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ItemBowling Together Again: Facilitating the Initiation of Collective Action through Awareness of Others( 2019-01-08)Often within communities there is sufficient interest in group-activities and yet they fail to occur because of insufficient individual initiative. This could be due to diffusion of responsibility or uncertainty about the availability of potential participants. Providing information about the number of interested individuals has conflicting implications, and hence an ambiguous impact on the likelihood of activities occurring. Our experiment examines the impact of providing information about community interest on activity initiation. Subjects (n=2000) were given information about the level of interest in a possible activity within their community and the ability to initiate its planning. Results indicate that displaying sufficient interest in an activity is positively associated with willingness to initiate planning. This suggests that Internet applications which 1) provide awareness of shared activity interest and 2) reduce effort required to initiate activity planning could boost collective action and improve community life.
ItemDriving the Use of Enterprise Social Media at Work: A Framework for Employees’ Adoption( 2019-01-08)More and more organizations are using enterprise social media (ESM) to improve the efficiency of communication and collaboration. Although many studies have tried to investigate employees’ adoption of this technology, most only provide limited insights and fail to capture the differences between ESM and other information systems used in organizations. In this article, we introduce a framework for enterprise social media adoption at the individual level. Our framework is based on the unified theory of acceptance and use of technology (UTAUT) and enterprise social media affordances. It is necessary to divide employees’ usage behavior into three types: not use, contribute, and lurk. We propose that the affordances initiate new types of factors that drive the three types of employees’ usage behavior differently.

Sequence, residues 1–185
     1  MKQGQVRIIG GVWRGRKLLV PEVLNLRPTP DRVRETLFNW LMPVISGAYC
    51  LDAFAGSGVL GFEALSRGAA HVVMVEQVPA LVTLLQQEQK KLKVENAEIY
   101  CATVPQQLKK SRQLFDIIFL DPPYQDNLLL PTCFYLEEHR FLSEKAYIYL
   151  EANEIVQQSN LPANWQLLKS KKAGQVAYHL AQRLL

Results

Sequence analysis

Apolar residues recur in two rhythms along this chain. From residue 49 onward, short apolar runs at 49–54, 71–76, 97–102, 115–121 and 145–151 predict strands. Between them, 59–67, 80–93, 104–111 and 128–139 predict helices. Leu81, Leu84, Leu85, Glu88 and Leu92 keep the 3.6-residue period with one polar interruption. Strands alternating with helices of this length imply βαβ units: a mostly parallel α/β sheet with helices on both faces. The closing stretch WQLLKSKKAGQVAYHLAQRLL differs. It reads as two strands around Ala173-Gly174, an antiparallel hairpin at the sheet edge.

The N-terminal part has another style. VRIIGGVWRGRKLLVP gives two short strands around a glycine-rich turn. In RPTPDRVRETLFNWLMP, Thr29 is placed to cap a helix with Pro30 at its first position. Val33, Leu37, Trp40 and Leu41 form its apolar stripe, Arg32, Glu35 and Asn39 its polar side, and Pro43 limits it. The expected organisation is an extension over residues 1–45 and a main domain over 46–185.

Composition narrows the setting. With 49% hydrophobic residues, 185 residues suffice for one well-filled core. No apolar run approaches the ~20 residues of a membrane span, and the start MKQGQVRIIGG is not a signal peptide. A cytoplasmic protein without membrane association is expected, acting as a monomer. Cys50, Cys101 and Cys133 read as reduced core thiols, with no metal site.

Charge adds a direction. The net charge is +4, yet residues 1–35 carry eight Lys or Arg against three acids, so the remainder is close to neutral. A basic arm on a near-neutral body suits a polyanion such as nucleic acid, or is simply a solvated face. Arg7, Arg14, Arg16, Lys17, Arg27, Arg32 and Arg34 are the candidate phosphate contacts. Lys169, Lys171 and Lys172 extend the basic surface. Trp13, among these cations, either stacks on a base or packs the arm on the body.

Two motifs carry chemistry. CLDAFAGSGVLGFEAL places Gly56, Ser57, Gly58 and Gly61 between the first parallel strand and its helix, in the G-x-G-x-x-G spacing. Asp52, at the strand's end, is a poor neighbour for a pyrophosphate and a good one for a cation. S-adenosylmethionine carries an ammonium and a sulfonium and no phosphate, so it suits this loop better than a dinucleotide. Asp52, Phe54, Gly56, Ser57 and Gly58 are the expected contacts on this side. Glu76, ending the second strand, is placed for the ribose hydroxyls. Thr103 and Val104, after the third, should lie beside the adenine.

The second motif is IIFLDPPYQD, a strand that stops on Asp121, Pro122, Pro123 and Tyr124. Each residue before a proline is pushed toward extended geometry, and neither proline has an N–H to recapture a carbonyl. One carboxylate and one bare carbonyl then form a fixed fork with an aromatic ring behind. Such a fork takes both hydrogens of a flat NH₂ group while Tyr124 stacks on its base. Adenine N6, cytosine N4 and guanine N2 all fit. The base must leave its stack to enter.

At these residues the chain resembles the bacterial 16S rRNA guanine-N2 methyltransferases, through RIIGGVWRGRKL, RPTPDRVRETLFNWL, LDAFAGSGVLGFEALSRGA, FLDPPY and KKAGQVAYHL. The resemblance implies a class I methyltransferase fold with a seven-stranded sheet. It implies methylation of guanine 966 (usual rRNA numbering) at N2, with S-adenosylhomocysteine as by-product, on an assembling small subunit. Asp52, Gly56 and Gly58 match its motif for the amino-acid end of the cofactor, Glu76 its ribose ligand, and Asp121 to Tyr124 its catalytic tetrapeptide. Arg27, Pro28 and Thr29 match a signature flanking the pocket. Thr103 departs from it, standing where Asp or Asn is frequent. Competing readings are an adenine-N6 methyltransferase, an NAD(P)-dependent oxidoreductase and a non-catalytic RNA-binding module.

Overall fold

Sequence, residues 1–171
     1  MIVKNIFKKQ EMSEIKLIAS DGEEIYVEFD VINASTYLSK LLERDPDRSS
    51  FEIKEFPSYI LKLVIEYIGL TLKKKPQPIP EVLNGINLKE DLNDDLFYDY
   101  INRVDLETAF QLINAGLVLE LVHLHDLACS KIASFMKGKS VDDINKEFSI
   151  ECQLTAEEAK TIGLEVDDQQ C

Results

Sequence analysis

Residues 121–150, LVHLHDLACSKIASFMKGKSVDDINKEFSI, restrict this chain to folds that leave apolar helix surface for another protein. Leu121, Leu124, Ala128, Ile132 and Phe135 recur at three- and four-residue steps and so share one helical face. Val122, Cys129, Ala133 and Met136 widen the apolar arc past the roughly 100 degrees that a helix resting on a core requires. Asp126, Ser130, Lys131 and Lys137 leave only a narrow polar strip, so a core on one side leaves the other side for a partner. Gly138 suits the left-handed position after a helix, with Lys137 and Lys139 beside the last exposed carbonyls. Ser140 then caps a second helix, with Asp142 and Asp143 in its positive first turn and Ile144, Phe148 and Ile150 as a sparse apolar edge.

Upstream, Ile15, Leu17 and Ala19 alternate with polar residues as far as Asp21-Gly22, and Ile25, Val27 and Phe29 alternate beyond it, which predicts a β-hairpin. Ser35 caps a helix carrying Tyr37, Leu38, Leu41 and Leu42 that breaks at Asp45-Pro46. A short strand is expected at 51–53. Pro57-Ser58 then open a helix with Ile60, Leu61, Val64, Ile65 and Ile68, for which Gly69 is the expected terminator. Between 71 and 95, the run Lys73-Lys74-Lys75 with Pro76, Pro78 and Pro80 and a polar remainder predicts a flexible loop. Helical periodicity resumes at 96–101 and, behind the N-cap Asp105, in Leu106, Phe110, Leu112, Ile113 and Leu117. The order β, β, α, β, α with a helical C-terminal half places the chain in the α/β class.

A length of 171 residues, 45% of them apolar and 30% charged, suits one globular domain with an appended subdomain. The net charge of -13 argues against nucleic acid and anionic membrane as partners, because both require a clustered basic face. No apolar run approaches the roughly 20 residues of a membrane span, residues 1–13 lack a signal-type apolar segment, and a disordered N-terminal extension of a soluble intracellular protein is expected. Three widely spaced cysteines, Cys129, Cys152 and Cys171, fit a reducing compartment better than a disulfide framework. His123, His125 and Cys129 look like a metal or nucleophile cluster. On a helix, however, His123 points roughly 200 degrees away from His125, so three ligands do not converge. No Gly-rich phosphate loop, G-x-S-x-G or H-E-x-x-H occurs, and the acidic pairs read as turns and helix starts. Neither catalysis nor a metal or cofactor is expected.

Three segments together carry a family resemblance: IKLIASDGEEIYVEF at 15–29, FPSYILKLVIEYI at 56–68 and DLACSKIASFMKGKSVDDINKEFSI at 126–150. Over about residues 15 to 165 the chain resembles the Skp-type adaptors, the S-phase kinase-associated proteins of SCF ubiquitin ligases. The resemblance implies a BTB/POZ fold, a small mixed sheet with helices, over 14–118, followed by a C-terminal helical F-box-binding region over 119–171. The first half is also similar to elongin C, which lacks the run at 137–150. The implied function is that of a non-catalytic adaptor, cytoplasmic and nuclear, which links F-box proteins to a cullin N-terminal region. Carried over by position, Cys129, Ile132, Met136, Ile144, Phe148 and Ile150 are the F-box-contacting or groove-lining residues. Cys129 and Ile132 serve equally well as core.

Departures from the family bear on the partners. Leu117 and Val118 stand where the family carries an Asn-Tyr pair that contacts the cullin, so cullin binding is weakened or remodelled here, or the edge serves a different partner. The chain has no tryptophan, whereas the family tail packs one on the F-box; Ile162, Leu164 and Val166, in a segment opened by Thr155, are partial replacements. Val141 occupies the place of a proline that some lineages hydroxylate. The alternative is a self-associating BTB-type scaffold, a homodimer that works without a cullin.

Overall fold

ItemSystem Design for an Online Social Networking App with a Notification and Recommender System to Build Social Capital in a University Setting( 2019-01-08)Social capital in higher education commuter institutions may be declining because fewer students remain on campus. Social capital is the network of relationships in a group. Higher social capital is derived from broader and more complex networks. Social networks can grow because members who belong to a particular group possess a sense of community. If students spend less time on campus, their sense of community may decrease, because they would be less likely to participate in the community. This puts Higher Ed commuter institutions at a disadvantage in terms of generating and maintaining social capital. We investigate the possibility to counter this disadvantage by actively promoting participating in an Online Social Network (OSN); specifically, with the use of a Notification and Recommender System (NARS) in an OSN via a mobile platform. Our results suggest that introducing a purposefully designed OSN has the potential to facilitate creation of structural and relational social capital, but that it might not have an effect on cognitive social capital.